An Inside Look at the Switch to Outlook

February 3, 2011 Local, News

Last July, Information Technology (IT) changed from the previous e-mail system, GroupWise, to Outlook, a program run by Windows Live. Pat Schoknecht, chief information officer of IT, and Troy Thomason, manager of communication systems, sat down to explain why Rollins made the switch.

“The campus was unhappy with the performance of GroupWise… a search committee made the final recommendation that we choose Outlook,” Schoknecht said. Thomason added, “There were problems with the soft ware… it was becoming a great drain on us and the customers… Group- Wise had to go.” IT and the committee compared GroupWise, Gmail, and Outlook; they ultimately chose Outlook. “It is the primary e-mail system used in business,” Schoknecht explained, also saying that, unlike Gmail, Outlook was created as a business tool.

They worked hard to make the transition across campus as smooth as possible for everyone. “We worked closely with Microsoft to solve the spam problem,” Thomason said. “We also have more flexibility [with Outlook] to move things around.”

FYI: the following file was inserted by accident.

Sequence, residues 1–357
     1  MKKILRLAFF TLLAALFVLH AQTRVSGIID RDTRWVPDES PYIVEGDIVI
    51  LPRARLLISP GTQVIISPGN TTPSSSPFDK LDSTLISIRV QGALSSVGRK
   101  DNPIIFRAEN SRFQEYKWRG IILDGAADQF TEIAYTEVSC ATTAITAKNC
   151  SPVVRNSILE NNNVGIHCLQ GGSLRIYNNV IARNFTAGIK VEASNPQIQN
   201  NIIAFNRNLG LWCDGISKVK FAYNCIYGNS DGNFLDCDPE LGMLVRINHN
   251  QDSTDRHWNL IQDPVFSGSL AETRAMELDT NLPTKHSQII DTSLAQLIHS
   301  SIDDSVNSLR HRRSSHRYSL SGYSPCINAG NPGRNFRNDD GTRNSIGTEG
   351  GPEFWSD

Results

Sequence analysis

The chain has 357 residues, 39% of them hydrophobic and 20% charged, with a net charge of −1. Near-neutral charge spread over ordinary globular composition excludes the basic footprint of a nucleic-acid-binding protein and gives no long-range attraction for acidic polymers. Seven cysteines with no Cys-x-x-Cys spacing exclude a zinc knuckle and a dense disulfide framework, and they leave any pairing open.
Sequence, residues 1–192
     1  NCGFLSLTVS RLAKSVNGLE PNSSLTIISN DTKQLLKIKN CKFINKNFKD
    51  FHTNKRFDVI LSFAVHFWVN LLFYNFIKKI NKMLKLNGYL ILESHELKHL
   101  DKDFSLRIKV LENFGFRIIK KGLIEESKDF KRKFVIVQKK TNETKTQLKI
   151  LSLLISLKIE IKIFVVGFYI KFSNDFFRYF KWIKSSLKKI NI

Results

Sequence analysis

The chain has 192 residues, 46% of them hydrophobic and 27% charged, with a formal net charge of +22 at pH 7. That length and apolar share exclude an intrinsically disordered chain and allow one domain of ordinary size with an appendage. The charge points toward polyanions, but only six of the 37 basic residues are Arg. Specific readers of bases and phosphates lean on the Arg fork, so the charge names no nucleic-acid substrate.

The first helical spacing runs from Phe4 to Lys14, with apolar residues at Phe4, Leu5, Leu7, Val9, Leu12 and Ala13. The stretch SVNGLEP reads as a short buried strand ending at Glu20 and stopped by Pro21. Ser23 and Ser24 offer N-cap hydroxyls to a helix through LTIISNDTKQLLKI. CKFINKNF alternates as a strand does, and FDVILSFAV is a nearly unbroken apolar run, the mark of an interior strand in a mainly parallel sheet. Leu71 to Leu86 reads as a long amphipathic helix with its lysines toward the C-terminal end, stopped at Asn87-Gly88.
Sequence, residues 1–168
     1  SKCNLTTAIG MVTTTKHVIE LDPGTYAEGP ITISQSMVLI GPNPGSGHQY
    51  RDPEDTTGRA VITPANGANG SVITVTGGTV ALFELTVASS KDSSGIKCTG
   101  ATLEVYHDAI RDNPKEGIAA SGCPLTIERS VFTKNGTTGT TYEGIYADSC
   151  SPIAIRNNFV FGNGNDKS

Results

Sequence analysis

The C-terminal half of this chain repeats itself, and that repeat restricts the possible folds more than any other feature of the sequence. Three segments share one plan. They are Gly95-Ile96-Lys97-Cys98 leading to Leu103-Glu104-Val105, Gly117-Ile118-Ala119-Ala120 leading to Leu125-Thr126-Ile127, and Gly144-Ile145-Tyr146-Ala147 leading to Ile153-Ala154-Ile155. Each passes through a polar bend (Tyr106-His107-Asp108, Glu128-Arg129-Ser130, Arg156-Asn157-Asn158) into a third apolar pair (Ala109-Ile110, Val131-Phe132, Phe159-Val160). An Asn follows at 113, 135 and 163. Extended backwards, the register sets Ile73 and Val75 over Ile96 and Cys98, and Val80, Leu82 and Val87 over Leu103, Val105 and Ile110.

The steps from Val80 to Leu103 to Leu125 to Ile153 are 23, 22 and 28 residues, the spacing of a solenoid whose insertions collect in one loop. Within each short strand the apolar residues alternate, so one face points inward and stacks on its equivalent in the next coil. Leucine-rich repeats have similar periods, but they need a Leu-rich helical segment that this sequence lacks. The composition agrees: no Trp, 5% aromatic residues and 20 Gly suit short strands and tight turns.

While IT seems satisfied with Outlook’s performance thus far, how do the students feel? “It’s easy, but sometimes teachers don’t get your e-mails, which is frustrating, or their emails come to your spam,” Dilsia Fernandez ’14 commented. However, she also added: “I like how if you’re already on Outlook and you get a notification, it goes straight through and shows the message.”

Schoknecht and Thomason were shocked to hear that students and faculty still have complaints about Outlook. They were under the impression that the spam problems and other difficulties from last semester had been resolved.

“One of our biggest problems is people letting us know they have an issue.” Thomason emphasized that IT generally has no clue that there is a problem until someone tells them and, obviously, if no one says anything then that problem will only continue.

“They just need to call us when there’s a problem.” So, it seems that Outlook is here to stay. Rollins has only been using it for six months, which, according to IT, is not enough time to deduce if the problems people experience are permanent or not. For the time being, the best those disgruntled users can do is tell IT the issues they have been experiencing and hope that their outlook will improve.

About Julia Campbell

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